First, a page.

December 11 2013 Latest news:
Monday, August 26, 2013
Bursting with fun activities and with community spirit in abundance Great Barton has been hailed Suffolk’s Village of the Year.
And to celebrate villagers spent the weekend toasting their success.
The community, which is home to around 2,000 people and lies a few miles north of Bury St Edmunds, beat off stiff competition from runners-up Wickham Market and third-placed Brantham to be crowned winners.
Sponsored by the East Anglian Times’ Suffolk Magazine and UK Power Networks, the award aims to highlight all that is great about village life in the county.
Community spirit, the appearance of villages and the host of activities going on within a community are among the areas judges look at when making their decision.
Radio Suffolk DJs and judges Lesley Dolphin and Rob Dunger – who announced Great Barton as the winner on his Saturday-morning show – were impressed with the environmental work being carried out in the village.
They highlighted the variety of organisations, including the Second Chance Stroke Club, the introduction of allotments and a computer club to help villagers get to grips with digital technology.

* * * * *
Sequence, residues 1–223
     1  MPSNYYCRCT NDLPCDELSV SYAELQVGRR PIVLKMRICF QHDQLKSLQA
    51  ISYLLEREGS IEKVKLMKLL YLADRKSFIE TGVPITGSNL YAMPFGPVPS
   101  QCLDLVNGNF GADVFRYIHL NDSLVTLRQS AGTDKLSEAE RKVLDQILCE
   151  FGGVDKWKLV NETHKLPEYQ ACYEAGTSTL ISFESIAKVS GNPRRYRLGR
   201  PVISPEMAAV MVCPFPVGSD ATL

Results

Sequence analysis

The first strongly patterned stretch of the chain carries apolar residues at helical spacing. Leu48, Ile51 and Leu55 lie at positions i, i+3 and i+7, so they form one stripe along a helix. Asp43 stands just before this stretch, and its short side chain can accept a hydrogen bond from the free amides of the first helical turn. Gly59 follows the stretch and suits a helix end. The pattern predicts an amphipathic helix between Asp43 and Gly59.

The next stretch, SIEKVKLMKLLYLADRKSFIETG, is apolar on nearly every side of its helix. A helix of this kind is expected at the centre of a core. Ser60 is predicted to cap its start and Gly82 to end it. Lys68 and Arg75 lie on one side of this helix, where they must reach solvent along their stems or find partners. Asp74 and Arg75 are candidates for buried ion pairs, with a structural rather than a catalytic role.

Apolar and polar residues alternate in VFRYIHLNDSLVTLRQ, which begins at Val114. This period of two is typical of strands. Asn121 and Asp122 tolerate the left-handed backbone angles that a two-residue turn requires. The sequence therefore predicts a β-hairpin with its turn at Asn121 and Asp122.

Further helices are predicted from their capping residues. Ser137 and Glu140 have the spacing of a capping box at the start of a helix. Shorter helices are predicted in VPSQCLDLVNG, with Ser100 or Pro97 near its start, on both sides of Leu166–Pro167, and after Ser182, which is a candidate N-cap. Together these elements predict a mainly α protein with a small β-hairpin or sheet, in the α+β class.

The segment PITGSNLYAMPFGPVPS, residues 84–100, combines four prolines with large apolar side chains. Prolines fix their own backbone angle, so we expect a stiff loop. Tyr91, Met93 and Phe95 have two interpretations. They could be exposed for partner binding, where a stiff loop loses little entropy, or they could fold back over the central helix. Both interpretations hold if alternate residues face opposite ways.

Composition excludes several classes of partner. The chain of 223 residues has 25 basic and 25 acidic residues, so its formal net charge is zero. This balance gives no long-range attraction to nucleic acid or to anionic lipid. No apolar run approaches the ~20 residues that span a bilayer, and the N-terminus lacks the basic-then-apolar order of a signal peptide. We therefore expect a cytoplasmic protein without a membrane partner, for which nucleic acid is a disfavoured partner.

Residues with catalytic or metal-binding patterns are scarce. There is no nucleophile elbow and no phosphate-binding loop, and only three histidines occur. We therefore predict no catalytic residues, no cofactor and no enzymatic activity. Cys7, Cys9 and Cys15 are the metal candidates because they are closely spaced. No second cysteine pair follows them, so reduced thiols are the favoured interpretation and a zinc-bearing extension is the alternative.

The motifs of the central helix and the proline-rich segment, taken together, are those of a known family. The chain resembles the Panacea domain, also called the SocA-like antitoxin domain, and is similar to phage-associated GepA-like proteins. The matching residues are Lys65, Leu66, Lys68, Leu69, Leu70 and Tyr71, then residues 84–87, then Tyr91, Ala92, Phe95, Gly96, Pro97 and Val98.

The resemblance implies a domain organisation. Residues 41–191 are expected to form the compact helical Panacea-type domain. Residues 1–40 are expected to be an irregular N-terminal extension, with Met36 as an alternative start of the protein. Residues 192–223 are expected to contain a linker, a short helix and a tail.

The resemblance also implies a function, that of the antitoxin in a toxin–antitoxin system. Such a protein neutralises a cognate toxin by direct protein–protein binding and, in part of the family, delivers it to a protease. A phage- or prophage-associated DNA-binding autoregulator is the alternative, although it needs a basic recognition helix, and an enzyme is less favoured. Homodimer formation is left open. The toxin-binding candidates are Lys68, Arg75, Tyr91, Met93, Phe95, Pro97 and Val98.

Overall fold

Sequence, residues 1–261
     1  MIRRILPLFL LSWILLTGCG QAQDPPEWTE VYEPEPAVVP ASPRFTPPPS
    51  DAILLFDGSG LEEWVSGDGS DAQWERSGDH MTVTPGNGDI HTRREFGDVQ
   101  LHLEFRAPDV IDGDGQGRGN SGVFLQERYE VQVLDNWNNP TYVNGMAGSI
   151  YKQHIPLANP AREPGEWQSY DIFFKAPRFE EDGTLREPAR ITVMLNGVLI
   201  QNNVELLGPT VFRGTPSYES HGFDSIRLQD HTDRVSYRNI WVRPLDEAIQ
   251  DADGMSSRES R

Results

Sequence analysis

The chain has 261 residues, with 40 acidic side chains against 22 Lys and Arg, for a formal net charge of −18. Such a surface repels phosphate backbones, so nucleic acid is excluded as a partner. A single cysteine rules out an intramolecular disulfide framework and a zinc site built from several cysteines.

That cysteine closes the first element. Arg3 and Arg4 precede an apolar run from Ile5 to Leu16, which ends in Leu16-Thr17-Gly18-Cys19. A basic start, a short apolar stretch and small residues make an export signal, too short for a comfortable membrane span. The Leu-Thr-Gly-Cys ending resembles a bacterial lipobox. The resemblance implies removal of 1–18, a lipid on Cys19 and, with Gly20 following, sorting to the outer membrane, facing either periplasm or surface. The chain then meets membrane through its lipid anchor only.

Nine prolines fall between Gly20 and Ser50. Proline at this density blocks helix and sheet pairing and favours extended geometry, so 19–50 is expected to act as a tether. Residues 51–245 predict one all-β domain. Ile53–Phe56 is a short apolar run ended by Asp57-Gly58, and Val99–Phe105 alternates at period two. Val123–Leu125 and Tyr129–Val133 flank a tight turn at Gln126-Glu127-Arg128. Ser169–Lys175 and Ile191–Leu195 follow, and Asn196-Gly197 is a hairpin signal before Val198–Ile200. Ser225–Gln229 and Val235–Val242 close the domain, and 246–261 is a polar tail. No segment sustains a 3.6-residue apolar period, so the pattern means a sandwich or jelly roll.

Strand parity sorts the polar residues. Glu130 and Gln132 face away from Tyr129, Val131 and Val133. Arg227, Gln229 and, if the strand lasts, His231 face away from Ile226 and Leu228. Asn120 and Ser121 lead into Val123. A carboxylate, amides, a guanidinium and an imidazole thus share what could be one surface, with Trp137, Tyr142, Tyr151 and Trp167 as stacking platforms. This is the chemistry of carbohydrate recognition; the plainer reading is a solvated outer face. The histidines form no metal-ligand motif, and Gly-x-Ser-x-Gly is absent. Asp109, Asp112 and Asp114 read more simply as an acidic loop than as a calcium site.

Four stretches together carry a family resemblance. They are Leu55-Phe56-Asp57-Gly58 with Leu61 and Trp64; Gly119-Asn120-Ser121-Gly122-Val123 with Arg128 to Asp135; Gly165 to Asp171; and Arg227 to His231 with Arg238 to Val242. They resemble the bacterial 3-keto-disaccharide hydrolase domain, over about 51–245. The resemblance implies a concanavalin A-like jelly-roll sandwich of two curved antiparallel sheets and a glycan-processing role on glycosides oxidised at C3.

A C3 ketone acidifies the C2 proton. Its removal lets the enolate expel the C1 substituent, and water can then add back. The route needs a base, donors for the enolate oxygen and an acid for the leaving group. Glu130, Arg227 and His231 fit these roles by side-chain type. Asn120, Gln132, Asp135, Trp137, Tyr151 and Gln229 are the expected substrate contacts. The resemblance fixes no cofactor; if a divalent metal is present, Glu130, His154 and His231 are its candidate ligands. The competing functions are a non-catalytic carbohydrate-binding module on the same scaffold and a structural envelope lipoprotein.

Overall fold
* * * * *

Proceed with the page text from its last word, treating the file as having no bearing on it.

And the judges added that they were particularly impressed with the village’s Emergency Plan – the first of its kind in Suffolk, which is being replicated across the county.
Co-ordinator of Great Barton’s bid, Mick Brabrook, said he was “delighted” with the news and said the success was down to the hard work of many people in the village.
He added: “I’ve always known Great Barton is a special place to live but it’s great to get recognition externally for all the good work that goes on here.
“A lot of people volunteer their skills and expertise to help other people and all I had to do was showcase this to the judges.”
Artist Pam Dennis, who lives with four generations of her family in the village, added: “There are people in the village who have a vision for the future and want to keep the community alive by encouraging young people to stay here.
“Initiatives like planting trees, putting in cycle paths and encouraging the development of affordable housing will all keep younger families in the area.”
The contest was organised by the Suffolk Association of Local Councils.